We worked on a spot for BMW to launch its new fully electric SUV where we designed a soundscape featuring elements of the car’s unique ‘engine’ sounds created by Hans Zimmer. The result was this natural-yet-futuristic feeling of gravitas that wonderfully represented the car and the brand. The fact that creative sound design was used not just for the messaging but within the product itself is an exciting prospect for creative audio to build a brand's sonic identity beyond the traditional touch points.

Steve Gadsden, president/composer/engineer, TA2

I’ve always been an advocate of strategy-first thinking on how to approach any project. I guess having a creative mind, I can go a million places with any idea. I’m often shown something random and asked if it is working, my question back is often, what are you trying to achieve? If I know that, I can tell you how effective the execution is, and possibly a hundred other ways to get there. In the end, we need to be fitting the brand strategy puzzle pieces together and make a project cohesive. Everything pulling in the same direction gives you a stronger swing, and audio is generally at least fifty percent of the communication.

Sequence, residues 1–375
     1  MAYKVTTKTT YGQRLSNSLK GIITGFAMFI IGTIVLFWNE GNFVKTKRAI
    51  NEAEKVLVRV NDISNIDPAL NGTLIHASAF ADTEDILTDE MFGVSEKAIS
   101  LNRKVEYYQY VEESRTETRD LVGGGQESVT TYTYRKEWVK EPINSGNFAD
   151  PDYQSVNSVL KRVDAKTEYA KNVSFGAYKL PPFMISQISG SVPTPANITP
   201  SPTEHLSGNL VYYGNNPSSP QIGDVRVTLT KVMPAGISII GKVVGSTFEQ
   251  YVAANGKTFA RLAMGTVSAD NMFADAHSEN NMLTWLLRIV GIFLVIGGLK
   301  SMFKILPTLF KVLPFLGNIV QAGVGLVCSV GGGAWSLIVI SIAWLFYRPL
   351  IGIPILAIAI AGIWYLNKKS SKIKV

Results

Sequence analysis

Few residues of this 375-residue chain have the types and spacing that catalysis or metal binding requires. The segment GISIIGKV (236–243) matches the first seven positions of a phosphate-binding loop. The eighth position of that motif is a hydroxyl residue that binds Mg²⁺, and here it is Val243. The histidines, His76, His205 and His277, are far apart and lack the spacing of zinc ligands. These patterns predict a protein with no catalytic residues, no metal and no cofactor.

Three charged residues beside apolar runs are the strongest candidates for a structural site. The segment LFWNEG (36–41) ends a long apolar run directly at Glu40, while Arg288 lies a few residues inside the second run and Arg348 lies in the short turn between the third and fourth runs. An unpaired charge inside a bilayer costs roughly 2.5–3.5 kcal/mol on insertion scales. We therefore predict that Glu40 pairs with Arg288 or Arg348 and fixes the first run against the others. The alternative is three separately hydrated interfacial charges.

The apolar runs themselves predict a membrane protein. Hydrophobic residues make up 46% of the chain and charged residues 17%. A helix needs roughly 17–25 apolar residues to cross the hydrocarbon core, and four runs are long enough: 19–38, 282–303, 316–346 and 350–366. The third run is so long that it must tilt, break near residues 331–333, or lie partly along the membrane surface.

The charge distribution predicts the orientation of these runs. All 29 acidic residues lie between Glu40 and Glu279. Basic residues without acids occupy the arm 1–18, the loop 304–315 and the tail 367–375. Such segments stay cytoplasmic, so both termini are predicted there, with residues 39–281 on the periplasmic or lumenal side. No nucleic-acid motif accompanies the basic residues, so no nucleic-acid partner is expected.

Every communication that has an auditory element is an opportunity to convey information about your brand. Humans have relied on sounds to orient them in the world, know the distance and positioning of a target, know if there is danger, a warning, all by the sounds experienced since the dawn of time. Music can tell us how to feel at any given moment. The choice of instrument or music key or even melody can tell the listener on a primal level a thousand data points of information. It doesn’t have to be something as intricate as whole sonic branding (though it’s a good idea to embrace that approach when possible) it can be just using a light ‘whoosh’ to mark visual movements and transition in a commercial. What sounds you select to make that whoosh will match the visual in tone and shape but can also speak to the product or the messaging. For example, is it telling me that we are easy to use or simple, a light sound with a fast envelope and no resistance (no weight, griding or drag) will convey ease and simplicity. 

Even the lack of sound can be a statement or support a narrative. The point is that every element is important and helps clarify the communication, and with the proper partners and thinking in place, your work can achieve that ‘it just works’ status.